Jon Jones and his Monkey Style: Should the UFC alter the rules?

For any MMA fans who watched movies in the 80's, Jean Claude Van Damme's 1988 movie "Bloodsport" holds a special place in their hearts. Back then, a no holds barred tournament featuring fighters from a variety of martial arts was only something you could dream about as mainstream MMA did not exist back then. UFC 1 would come years later in 1993. Bloodsport brought that dream to reality on the big screen.

For anyone who has seen the movie, the Monkey fighter should ring bells immediately. For those who have not seen the movie, here's a sample of this simian technique in action.


Of course Bloodsport is just a movie, you can't actually use the Monkey style in a real fight right? You'd just get kicked in the head. But there is the rub, MMA is not a real fight, there are rules and regulations governing the sport. In particular, kicking the head of a grounded opponent is not allowed. Monkey style just found its niche.

The seeds of Jon Jones using this technique started in his early days as a young, up and coming fighter who looked up to a veteran in his camp, Rashad Evans. Evans started his fights out in a crouched down stance before the bell but he immediately got up once the fight started. Jones took that and ran with it.

While he previously only started out in that position like Evans, Jones officially brought Monkey style to the UFC during his fight with Quinton "Rampage" Jackson at UFC 135. Facing a fighter whose only threat was his punching power, Jones stayed low after the opening bell and moved toward Rampage as Jones kept one hand on the ground, this caused Rampage to have to lower himself to punch Jones thus taking much of his punching power away. The disadvantage of being in that position for Jones is he can't strike effectively, however he can go for takedowns from that position. Jones did exactly that as he shot for the takedown from this crouched position. Watch the sequence here:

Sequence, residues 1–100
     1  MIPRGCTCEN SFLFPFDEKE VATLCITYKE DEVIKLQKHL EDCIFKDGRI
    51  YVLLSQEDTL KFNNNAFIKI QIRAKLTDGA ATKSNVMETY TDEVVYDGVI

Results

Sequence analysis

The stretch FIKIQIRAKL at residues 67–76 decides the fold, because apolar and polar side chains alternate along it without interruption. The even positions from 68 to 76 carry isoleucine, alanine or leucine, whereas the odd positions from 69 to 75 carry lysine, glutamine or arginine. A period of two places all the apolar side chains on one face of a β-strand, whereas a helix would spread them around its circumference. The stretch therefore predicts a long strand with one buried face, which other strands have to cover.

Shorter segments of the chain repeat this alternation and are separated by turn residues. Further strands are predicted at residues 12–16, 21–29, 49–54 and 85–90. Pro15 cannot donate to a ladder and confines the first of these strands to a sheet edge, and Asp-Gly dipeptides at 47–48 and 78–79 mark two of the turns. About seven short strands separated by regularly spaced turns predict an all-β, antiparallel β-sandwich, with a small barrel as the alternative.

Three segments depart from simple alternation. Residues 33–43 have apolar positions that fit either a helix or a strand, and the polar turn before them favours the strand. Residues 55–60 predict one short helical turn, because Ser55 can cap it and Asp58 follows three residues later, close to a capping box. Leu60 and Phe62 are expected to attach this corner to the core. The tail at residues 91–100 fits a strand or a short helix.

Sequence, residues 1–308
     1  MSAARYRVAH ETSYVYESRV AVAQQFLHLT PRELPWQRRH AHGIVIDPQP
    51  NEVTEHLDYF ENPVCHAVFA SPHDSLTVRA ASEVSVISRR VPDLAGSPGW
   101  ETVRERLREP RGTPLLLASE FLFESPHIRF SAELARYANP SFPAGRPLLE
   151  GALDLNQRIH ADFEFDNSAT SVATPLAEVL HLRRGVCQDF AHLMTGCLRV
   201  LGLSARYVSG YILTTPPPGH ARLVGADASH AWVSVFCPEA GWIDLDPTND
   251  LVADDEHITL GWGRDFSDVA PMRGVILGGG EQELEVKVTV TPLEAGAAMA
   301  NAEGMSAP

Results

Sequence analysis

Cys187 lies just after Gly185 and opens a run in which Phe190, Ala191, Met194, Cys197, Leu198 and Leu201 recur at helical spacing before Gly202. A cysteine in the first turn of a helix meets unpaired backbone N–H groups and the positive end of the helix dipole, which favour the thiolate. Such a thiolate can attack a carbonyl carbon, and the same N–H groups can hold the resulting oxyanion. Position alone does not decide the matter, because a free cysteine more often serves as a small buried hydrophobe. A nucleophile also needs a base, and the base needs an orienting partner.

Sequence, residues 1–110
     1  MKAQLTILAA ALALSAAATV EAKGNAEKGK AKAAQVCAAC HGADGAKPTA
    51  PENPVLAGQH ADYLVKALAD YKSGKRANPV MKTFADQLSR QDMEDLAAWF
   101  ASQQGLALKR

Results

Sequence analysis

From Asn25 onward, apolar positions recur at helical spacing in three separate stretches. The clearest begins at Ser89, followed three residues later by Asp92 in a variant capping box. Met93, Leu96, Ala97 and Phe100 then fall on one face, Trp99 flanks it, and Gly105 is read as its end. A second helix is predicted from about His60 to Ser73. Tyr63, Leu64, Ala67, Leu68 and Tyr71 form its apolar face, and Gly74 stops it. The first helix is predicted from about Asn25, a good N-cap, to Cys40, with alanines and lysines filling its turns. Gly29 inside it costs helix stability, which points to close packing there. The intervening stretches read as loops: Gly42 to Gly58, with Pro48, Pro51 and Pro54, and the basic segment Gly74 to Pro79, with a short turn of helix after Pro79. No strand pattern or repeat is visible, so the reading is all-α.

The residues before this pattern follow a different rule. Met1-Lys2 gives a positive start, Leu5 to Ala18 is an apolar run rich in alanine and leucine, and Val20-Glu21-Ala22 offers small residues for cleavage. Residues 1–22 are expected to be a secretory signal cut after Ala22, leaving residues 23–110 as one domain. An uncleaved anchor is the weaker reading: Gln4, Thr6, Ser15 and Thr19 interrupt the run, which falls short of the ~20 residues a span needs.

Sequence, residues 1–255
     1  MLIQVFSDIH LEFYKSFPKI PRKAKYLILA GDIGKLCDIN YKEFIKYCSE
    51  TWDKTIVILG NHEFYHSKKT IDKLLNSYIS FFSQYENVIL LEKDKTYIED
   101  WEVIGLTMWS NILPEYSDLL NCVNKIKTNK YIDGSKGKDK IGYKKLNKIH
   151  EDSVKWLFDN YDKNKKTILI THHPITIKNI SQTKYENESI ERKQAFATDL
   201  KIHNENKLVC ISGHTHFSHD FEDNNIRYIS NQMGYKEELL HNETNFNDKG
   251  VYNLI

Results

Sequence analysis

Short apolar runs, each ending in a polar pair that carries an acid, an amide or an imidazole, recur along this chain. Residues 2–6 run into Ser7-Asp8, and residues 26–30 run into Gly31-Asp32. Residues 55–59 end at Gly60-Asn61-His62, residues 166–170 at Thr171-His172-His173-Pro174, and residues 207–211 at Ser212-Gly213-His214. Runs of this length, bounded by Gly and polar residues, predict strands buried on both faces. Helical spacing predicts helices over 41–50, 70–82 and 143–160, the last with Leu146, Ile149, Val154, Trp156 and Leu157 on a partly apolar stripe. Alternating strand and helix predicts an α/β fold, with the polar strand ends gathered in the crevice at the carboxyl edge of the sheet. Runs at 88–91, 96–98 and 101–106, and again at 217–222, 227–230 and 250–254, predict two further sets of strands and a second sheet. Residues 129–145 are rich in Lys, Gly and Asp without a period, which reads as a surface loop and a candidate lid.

At UFC 140, faced against the unorthodox striking of Lyoto Machida, Jones again began the fight using the Monkey style but unlike the Rampage fight, he was quick to get up after engaging Machida as Machida kept the distance and did not expose himself to the takedown as Jackson did. Skip to 3:15 to see the start of that fight:


Jones is effectively playing a game of Chicken with his opponent in this situation, he's counting on the opponent not kicking his head. If an opponent kicks at his head while he's crouched down with a hand on the ground, Jones has to do one of the following:

A. Absorb the blow and let the opponent get warned, penalized, or possibly disqualified if Jones cannot continue.

B. Lift his hands up to move away and protect himself from the kick.

Of course the key with choosing option B is by taking your hand off the ground, the striker will not be in violation of the kicking a grounded opponent rule since Jones does not have a hand on the ground anymore.

At UFC 152, Vitor Belfort was prepared for this situation and agreed to play chicken with Jones as he launched a kick at Jones' head while he was crouched down.


Gif courtesy of

Jones chose to get up rather than get hit. Befort may have lost the fight, but he won that game of chicken. Jones looked towards the ref for help believing Belfort broke the rules, however John McCarthy correctly interpreted the situation and the rules. He also recognized the game Jones was playing as he shrugged him off by saying "you wanna play the game."

The rule forbidding kicking the head of a grounded opponent was intended to protect fighters in a vulnerable position on the ground, it was not intended to be used as a loophole for fighters seeking to avoid standing up and striking with an opponent. Leave it to a Greg Jackson fighter to exploit the rulebook to the fullest in order to gain the advantage.

So far, Jon Jones has been content only to use this technique at the start of fights. But it's only a matter of time before he and other fighters catch on and realize the Monkey style is a smart technique they can use full time to neutralize a dangerous stand up striker.

Should the UFC lobby to amend this rule to prevent those seeking to exploit it like Jon Jones is doing? Or should the UFC continue to allow this Monkey technique so it can be used as a method to avoid standing up and striking?

\The FanPosts are solely the subjective opinions of Bloody Elbow readers and do not necessarily reflect the views of Bloody Elbow editors or staff.